Karin Krog ‘Don’t Just Sing: An Anthology 1963-1999’ (Light In The Attic)

A new compilation of one of the world’s best experimental vocalists – but is there enough electronica?

Something of a hero in Scandinavia, Norway’s Karin Krog remains criminally under-appreciated elsewhere. As evidenced on the new Light In The Attic compilation ‘Don’t Just Sing: An Anthology 1963-1999’, Krog was (and indeed remains) a versatile performer. Her voice was the perfect complement to esteemed collaborators like Dexter Gordon, Jan Garbarek, Bill Evans and Archie Shepp, always delivering a commanding and captivating presence as a leader but never allowing that to dominate over the various players she had assembled.

During a career that started in the early 1960s, Krog also delivered some calculated and ambitious forays into a little explored frontier territory between jazz and musique concrète alongside traditional vocal jazz. These experiments were best showcased on the album ‘Different Days, Different Ways’, which featured tracks from 1972 to 1974. While it partly offered obligatory earthy jazz standards, things rapidly moved off in a wholly other direction with an aria to John Cage’s landmark tape work ‘Fontana Mix’, on which Krog’s naked voice was sliced up and layered on top of itself over and over. The result was something between a William Burroughs record and an oblique Yoko Ono Fluxus exhibit.

The more extreme ideas of ‘Different Days, Different Ways’ are sadly omitted from this compilation, but a hint of the inventiveness can be found on the layered, cut-up vocals of the brief ‘As A Wife Has A Cow’ and ‘Glissando’, which sees traditional jazz tropes subjected to savage studio treatment. The previously unreleased ‘Images In Glass’ also has an ambitious and amorphous breadth, taking in haiku-like utterances, ethereal electronic textures and recordings of shattering panes. By its conclusion, it sounds like something Can’s Irmin Schmidt could have delivered for a long-buried German film score.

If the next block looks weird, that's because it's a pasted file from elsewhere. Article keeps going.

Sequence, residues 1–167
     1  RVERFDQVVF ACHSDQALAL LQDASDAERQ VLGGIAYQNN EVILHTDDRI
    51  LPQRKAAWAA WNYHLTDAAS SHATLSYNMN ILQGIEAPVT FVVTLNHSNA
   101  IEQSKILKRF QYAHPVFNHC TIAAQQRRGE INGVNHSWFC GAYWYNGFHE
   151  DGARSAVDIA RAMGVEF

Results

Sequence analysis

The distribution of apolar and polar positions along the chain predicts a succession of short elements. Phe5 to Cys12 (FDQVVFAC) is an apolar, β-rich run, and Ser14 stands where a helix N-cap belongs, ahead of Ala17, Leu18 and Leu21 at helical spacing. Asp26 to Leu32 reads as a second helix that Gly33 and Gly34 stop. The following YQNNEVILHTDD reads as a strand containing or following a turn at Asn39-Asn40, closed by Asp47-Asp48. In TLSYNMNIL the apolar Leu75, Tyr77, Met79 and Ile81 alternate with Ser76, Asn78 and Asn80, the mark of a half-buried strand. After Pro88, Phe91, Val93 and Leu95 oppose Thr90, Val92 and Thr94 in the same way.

Another of the highlights here is ‘Just Holding On’ from Krog’s 1986 album ‘Freestyle’, recorded with her husband and frequent collaborator, the saxophonist and multi-instrumentalist John Surman. It was an almost entirely electronic record, relying on synth brass sounds and ambient textures instead of sonic trickery and manipulation. Much tamer, certainly, and often somewhat twee, the better moments on ‘Freestyle’ bore similarities to AC Marias’ ‘One Of Our Girls (Has Gone Missing)’ from the same era.

Like many surveys of artists who have embraced eclecticism in their careers, ‘Don’t Just Sing’ feels a little uneven. It would have been better to have split this into two distinct discs, one focused on Krog’s core vocal jazz tracks and the other dealing with the more adventurous side of her output. As it stands, it leaves those looking for her extreme experiments vaguely thwarted, while anyone interested in her traditional work will most likely wind up skipping the weird stuff.

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